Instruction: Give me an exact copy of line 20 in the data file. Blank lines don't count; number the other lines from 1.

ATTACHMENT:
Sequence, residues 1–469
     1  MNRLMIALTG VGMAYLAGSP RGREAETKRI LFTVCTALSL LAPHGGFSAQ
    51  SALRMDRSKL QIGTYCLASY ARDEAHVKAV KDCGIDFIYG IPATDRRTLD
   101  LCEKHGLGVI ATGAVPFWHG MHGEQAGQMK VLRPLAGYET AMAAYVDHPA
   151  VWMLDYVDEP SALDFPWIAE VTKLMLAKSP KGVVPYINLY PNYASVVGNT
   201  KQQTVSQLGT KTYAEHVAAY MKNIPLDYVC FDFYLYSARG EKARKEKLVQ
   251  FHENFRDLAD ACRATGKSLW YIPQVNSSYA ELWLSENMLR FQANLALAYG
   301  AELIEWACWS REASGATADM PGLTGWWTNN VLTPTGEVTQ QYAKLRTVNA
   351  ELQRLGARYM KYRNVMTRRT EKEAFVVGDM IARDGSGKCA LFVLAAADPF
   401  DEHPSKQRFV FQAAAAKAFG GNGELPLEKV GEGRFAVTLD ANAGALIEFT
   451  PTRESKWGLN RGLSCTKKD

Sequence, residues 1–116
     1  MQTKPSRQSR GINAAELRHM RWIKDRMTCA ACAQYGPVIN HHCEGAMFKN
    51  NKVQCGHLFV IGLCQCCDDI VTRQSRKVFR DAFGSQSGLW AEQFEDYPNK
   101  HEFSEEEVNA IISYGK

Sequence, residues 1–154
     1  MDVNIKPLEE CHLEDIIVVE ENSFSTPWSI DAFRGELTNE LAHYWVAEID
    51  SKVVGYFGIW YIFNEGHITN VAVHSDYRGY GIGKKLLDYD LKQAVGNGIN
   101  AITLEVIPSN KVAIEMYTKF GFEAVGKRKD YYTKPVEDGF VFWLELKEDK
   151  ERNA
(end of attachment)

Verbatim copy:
   151  ERNA